Simply defined, the concept of typographic hierarchies refers to the visual organization of content in terms of their relative importance. In other words, the manner in which we organize the text, the headers, the subheaders, the columns, the paragraphs, the callouts, and others on the page or space signify their importance.
These two words: typographic and hierarchies are not familiar concepts to those outside our field. In fact, even in the art and design field, fellow artists do not necessarily understand typographic hierarchy. The term typographic refers to matters related to typography: type choice, sizes, weights, how far or close we set the letters, and others. The term hierarchy refers to levels of priority or importance: what comes first, second, and third. Thus, when these two terms are put together, we mean to arrange content in levels of importance with the intention of communicating to the reader.
While it is true that the advent of the computer to our field has expedited the design and printing process, it is also true that typographic proportions do not look the same when looking at things online versus printing. The relationship between the reader and their monitor differs from the relationship between the reader and anything printed, whether hand-held or seen at a distance.
The typographic hierarchies project is based on two books by professor Rob Carter from Virginia Commonwealth University. These books are Typographic Design: Form and Communication and Experimental Typography. The latter is out of print now. The objective of the project is to isolate six basic variables to establish a typographic hierarchy. These variables are:
Later on, Post Modern typography came along. Characterized by the juxtaposition of graphic elements, typography, and page use in a more organic way, it sought to find alternative typographic organizational arrangements. John Choi, a former student at NYUAD, wrote on the blog NYUAD Types of Art the following:
The goal of this variable is to explore only the distance between any elements we choose and where we place our paragraphs and titles. You might be wondering, how does space work in relation to typographic hierarchies? To answer this question, we will discuss some examples.
Olivia is back in Nerd Alert corner, talking about the impact the industrial revolution had on typographic trends and styles - specifically the innovation of display and slab serif type choices. Listen to find out more.
While we are in the season of giving, how about giving your friends some quality, nerdy, typographic fun! You can blow their minds with generative fonts, teach them a thing or two with Ohno Type School, and give them a beautiful site to stare at with Reagen Ray's Jazz Musician Lettering, and a bunch more.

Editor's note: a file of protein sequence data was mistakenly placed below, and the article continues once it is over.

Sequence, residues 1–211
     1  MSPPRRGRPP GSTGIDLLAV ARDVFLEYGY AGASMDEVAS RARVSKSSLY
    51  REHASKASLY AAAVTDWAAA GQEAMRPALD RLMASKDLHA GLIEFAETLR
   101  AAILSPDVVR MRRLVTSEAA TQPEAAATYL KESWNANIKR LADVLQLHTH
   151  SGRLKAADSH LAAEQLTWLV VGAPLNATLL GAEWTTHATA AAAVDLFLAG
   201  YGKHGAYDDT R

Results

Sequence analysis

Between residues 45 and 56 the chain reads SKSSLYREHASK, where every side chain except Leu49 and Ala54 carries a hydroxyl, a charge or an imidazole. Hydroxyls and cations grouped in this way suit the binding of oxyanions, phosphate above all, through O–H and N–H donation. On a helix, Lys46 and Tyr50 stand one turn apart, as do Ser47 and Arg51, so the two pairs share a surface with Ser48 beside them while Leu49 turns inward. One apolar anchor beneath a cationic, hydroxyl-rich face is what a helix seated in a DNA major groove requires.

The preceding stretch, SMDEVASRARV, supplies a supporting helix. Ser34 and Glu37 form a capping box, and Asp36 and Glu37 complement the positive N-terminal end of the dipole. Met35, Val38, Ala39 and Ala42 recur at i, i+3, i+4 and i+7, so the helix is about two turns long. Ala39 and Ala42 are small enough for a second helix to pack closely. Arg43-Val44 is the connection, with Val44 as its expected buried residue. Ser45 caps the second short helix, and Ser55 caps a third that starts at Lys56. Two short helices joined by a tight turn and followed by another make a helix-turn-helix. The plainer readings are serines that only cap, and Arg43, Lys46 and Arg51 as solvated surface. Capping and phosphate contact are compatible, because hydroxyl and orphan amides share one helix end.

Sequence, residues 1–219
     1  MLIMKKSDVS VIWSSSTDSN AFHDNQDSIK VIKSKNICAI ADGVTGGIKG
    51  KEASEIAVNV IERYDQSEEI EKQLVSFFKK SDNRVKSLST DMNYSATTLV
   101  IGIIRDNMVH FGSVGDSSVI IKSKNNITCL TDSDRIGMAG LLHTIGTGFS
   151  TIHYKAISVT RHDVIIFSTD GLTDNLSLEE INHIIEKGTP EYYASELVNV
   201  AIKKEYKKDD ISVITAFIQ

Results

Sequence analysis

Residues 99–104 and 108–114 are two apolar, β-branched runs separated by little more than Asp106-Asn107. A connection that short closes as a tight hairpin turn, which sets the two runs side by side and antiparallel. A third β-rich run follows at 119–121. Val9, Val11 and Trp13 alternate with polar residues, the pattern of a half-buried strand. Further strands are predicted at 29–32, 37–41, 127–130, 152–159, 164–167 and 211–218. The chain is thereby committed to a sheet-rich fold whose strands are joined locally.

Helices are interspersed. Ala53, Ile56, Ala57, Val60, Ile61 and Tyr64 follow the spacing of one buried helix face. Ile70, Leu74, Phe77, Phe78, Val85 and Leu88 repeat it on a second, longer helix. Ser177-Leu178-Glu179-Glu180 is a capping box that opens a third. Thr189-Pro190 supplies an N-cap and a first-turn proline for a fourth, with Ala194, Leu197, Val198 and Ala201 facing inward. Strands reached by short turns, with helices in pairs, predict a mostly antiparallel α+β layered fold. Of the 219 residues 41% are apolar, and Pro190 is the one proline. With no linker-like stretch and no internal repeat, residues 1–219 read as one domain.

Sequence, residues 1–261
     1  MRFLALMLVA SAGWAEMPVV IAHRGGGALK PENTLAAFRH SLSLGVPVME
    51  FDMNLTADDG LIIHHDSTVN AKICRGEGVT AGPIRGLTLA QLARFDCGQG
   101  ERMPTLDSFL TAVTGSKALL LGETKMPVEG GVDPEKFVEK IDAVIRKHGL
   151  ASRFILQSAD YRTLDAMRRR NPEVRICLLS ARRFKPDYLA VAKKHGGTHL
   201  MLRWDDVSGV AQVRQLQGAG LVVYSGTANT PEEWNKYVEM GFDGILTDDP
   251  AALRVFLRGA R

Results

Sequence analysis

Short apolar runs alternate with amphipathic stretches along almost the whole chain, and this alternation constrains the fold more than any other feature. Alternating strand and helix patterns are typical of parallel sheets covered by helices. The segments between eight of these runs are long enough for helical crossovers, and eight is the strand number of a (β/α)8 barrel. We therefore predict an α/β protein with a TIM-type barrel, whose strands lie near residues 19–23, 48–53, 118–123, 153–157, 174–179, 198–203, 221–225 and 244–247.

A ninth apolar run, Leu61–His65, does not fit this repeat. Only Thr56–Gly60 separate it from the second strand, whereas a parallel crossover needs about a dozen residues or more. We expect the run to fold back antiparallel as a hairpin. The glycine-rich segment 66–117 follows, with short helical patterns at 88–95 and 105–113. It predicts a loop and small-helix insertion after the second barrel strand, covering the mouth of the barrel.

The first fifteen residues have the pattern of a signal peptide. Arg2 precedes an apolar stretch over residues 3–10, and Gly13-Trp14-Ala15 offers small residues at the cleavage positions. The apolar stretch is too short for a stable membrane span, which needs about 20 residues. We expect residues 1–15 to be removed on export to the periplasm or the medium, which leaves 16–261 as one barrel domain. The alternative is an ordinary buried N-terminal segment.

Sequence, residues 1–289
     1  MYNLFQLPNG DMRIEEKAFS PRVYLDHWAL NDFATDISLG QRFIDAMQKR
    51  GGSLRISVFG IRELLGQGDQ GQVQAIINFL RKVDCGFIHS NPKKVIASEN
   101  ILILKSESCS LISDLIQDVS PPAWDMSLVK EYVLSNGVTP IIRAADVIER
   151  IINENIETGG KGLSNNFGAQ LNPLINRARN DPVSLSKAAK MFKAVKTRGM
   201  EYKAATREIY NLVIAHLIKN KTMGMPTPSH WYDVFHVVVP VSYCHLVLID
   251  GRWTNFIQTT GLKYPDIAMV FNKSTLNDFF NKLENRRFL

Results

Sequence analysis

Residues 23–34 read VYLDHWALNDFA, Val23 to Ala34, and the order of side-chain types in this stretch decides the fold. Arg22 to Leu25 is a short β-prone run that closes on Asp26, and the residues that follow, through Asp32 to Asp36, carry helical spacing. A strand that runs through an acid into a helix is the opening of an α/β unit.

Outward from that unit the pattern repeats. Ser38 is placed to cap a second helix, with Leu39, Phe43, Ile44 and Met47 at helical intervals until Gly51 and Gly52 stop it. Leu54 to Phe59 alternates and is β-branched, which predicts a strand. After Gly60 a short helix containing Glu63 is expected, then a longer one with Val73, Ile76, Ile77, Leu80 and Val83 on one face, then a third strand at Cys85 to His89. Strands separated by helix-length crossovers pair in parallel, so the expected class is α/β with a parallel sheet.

This week's articles come from all around the world! We chat about a new experimental typeface from London, Australia's new logo, and the shiny new branding for Glasgow's football team. In our Nerd Alert segment we chat about the ins and outs of font licensing with loads of tips that will help you navigate any typographic territory.Weekly Typographic Newsletter Links
The basic idea of a typographic scale that our font sizes fall on a set scale. To go with a basic example, let's set we decide on a scale of 1.5, solely because it's an easy number to work with. The base is the base, so let's say 10px, again, to make it really easy to work with. For the first step up our scale, we multiply by our scale unit. Then, we put the scale to the power of 2. Then the power of 3, etc.
Typography IINathan PacelliThis presentation panel shows the 4 steps of the project. Step 1: a simple, extra-bold sans serif sequence of letters is developed to understand letter shape, proportion and syntactic unity. Step 2: the internal counter spaces are removed and a word shape is developed by manipulating letter position, orientation and scale. Step 3: the counter spaces are reintroduced as minimally as possible. Step 4: The counter spaces are replaced by non-typographic imagery.A poster application uses any or all of the 4 step elements to develop a dynamic typographic composition. Value is first explored, and then the 6 main color strategies are explored: Complimentary, Split-Complimentary, Analogous, Triad, Tetrad, and Monochromatic.
Features define typographic capabilities of the font, and are the means that applications use to invoke those capabilities. These can include essential capabilities required for display of some scripts, as well as other capabilities for fine typography. A font that supports positioning of diacritical marks will implement a 'mark' feature. A font that supports substitution of vertical glyphs will implement a 'vert' feature.
Lookups are data used to implement the capabilities invoked by features. Lookup tables describe glyph substitution or glyph positioning actions that an application should apply to achieve the desired typographic effect. A feature can be used to refer to a typographic capability in a font-independent way, but lookups provide the font-specific data used to implement that capability. 041b061a72